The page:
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How to deliberately accelerate crazing and cracking problems of powder paint

November 24, 2008


I would like to simulate the formation of crazing, checking, cracking problem with the powder coated steel surface. I will apply zinc phosphate primer [adv: item on eBay & Amazon] then polyester powder paint to the surface. Which conditions I have to try in order to get this surface problem. Poor curing?, weathering in extreme conditions too hot or too cold ? Humidity ? or any other conditions that will accelerate the formation of these surface problems.

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Thank you very much.

Kenan Aybasti
powder paint application - Turkey

November 28, 2008

At first glance it appears that the cause of the of the defect is the primer and the powder has followed its wrinkled profile. You do not state what the resin system is, only that it is a zinc phosphate primer. Is it a resin/solvent type that depends upon its cure by air-drying? If you are environmentally conscious, then zinc containing primers are a no, no. The zinc will affect plant and marine life. It also affects animal/humans by attacking their internal organs. Try Anoprime which is both an environmentally and animal friendly primer, specifically formulated for PC.

Terry Hickling
Birmingham, United Kingdom

December 2, 2008

I have to dispute a statement Terry made. (We usually agree).

"The zinc will affect plant and marine life. It also affects animal/humans by attacking their internal organs. "

Anything will affect plant and marine life, but the implication here is that it will adversely affect them. In fact there's a huge volume of research on this, and adverse affect is minimal to zero. Zinc has been classified by the EU risk assessments on compounds as not harmful.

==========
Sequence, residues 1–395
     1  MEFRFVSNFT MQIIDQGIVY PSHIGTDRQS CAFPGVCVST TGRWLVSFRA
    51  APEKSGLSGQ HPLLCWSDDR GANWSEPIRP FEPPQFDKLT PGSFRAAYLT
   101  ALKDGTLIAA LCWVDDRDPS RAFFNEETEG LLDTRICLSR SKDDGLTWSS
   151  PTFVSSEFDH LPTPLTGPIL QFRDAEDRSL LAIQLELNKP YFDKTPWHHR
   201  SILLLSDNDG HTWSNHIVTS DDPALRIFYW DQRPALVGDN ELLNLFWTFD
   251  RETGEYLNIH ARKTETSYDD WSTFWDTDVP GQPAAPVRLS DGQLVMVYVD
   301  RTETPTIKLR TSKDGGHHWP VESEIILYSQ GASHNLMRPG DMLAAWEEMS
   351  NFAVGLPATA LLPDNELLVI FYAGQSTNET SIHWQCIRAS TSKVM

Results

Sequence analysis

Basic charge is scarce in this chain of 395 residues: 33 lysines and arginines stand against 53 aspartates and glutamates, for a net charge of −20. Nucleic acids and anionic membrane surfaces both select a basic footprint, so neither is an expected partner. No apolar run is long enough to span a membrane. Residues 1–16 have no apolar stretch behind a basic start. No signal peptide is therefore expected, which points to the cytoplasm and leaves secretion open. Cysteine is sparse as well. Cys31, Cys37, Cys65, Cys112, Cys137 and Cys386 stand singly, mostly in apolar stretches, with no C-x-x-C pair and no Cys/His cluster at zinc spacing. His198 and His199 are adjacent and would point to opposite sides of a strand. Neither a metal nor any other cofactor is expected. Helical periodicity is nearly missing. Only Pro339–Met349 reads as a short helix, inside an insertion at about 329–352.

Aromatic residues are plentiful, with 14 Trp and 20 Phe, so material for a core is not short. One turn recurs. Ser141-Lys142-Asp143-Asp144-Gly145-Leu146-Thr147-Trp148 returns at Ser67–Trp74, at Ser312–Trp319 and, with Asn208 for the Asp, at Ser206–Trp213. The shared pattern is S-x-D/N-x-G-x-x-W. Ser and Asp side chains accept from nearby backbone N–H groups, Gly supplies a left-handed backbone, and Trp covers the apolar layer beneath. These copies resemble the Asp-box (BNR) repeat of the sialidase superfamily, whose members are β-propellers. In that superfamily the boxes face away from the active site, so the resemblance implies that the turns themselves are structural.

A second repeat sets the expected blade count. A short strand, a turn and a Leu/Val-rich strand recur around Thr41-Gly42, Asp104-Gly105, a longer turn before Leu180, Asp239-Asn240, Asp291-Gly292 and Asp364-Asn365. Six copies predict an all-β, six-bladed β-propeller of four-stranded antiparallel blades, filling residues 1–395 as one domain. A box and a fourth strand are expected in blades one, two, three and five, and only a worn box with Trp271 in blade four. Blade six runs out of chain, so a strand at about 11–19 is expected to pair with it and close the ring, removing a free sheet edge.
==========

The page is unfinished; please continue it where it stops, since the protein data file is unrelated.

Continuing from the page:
To say that it attacks animal/human internal organs is grossly misleading. It's like saying Oxygen is poisonous. It is, but only in certain concentrations, and without some of it we die.
So with zinc, it is an essential element for life, and without it you get very sick.
Its true that a gross overdose of zinc in some forms can harm a person, just like water, oxygen etc can harm.

The use of zinc as a corrosion protection system has not been shown scientifically by any reputable body to be harmful.

Geoff Crowley
Crithwood Ltd.
Westfield, Scotland, UK
crithwood logo

December 2, 2008

My apologies to Geoff and other readers - after I read the original posting I then rightly or wrongly assumed that the zinc phosphate primer mentioned was what we call etch primer and our American friends call wash primers. These were used for many years by powder coaters as a low cost, but effective alternative to chemical phosphating. The main anti corrosive ingredients are, zinc chromate or zinc tetraoxichromate (two pack) or a 50% substitution of the chromate portion using zinc phosphate (one pack etch for dip tanks). My mistake in my posting was that I missed the word 'chromate'. Therefore, all zinc references should have read 'zinc chromate'. Many years ago coating mf were asked to find suitable alternatives but these primers are still being manufactured using ZC/ZTC, however, the labeling now requires hazard warnings. Sorry for the misunderstanding and thanks to Geoff for quite rightly pointing this out.

Terry Hickling
Birmingham, United Kingdom

December 5, 2008

Now Zinc Chromate as with most Cr containing things is indeed a problem.
Thanks for clarifying Terry.

Geoff Crowley
Crithwood Ltd.
Westfield, Scotland, UK
crithwood logo

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